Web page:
What do you call what you lose when you bet? Stake?

takiakos76

Senior Member
Hungarian
Hi!

"Yesterday we bet with one of my friends."
If I want to ask what the thing is that they agreed that the loser would lose / forfeit / have to do, how do I ask that?
a) "What was the bet about?"
b) "What was the stake?"
c) "What was at stake?"
d) "What did you bet on?" (This is surely incorrect: you bet on a game, but that's not what you lose if you lose the bet...?)

P.S.: to me it also sounds like a common enough question, but I didn't find anything close enough to this by searching "bet stake" and "bet on"...
 
  • Copyright

    Senior Member
    American English
    You: "Yesterday, we bet with one of my friends."
    Her: "What did you bet?"
    You: "We bet $20 it would rain today before 4pm."

    You: "Yesterday, we bet with one of my friends."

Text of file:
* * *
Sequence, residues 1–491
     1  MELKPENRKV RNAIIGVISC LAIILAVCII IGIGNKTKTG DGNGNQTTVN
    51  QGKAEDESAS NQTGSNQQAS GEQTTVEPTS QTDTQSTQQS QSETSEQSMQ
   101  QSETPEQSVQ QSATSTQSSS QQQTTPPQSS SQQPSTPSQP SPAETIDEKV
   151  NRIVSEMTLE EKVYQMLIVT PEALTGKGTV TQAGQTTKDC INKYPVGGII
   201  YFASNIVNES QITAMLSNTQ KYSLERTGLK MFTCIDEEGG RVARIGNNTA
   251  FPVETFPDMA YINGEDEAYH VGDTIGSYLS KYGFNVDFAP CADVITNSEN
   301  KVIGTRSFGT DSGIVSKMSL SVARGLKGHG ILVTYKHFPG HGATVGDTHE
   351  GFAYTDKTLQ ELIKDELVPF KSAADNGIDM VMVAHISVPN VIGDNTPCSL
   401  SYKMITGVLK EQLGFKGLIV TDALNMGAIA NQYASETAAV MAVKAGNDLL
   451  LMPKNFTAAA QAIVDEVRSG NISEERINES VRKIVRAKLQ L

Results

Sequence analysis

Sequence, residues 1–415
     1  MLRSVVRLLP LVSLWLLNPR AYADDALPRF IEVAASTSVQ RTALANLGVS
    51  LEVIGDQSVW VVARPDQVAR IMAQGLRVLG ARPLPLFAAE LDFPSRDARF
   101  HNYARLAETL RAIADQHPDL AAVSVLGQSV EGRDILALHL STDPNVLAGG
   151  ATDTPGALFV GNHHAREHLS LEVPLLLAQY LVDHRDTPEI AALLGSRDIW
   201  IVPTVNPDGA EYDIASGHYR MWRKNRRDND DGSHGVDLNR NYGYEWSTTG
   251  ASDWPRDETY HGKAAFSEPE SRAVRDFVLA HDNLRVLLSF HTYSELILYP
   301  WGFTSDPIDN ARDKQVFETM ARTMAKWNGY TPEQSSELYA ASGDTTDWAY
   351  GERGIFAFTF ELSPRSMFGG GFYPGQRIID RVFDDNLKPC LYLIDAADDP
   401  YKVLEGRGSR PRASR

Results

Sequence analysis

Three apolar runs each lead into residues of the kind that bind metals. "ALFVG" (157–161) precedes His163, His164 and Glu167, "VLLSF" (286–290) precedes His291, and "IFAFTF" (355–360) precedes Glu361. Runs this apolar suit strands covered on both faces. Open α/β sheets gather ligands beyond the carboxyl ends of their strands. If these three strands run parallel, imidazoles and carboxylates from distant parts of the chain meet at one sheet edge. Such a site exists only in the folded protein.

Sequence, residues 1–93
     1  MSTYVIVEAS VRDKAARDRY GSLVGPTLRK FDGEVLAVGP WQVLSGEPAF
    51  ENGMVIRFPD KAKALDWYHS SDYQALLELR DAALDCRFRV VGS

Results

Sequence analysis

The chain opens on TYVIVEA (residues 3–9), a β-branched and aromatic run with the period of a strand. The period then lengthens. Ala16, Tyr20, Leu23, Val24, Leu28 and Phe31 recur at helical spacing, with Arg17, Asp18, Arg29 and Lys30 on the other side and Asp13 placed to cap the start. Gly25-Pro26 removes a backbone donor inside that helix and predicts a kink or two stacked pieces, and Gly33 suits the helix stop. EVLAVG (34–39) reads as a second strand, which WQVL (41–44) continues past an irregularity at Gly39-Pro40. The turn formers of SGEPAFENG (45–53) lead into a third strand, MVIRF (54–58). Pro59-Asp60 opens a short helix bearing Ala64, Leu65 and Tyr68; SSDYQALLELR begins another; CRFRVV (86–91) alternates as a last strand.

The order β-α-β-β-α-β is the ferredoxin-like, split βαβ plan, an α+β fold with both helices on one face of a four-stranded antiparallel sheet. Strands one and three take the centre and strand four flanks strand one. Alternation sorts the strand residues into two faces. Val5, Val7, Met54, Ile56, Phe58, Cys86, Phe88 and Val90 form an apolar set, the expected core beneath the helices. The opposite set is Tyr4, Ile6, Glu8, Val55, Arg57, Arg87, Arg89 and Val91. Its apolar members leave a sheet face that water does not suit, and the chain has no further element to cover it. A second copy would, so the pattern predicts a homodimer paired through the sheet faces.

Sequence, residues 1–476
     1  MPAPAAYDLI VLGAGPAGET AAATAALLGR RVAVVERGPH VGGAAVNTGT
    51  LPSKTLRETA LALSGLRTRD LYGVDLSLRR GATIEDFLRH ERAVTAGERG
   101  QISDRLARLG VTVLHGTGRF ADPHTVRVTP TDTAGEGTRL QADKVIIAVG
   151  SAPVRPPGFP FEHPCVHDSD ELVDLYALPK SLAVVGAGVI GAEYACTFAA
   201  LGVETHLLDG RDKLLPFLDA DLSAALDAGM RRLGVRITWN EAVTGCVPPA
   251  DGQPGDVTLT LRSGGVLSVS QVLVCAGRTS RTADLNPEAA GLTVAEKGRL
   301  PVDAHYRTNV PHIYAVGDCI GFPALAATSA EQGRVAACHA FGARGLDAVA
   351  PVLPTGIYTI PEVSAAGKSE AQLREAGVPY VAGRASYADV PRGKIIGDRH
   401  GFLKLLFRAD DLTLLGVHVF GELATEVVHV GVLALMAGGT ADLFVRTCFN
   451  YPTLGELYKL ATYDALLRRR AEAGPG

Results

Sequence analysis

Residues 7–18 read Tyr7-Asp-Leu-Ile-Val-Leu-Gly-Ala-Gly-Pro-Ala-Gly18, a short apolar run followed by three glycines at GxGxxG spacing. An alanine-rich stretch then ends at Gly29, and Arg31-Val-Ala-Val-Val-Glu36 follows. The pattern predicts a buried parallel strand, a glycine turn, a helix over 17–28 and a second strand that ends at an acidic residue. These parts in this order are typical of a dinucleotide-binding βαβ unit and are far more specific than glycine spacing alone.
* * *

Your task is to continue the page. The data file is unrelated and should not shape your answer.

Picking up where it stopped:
Her: "What did you bet on?"
    You: "We bet on whether it would rain today before 4pm."
    Her: "How much did you bet?"
    You: "We bet $20."
     

    Uncle Jack

    Senior Member
    British English
    (b) is fine.
    (a) and (d) ask about the event being bet on, not the amount. (c) is usually incorrect in the context of betting (but perhaps the person's reputation as en excellent tipster was at stake).

    Copyright's "How much did you bet?" (or "how much did you wager?") is more common than asking about the stake.
     

    takiakos76

    Senior Member
    Hungarian
    You: "Yesterday, we bet with one of my friends."
    Her: "What did you bet?"
    You: "We bet $20 it would rain today before 4pm."

    [...]
    Thank you guys!
    I presume the above works also when you don't bet money, but something else?
    "I bet my watch the white horse would win" -- correct?
     
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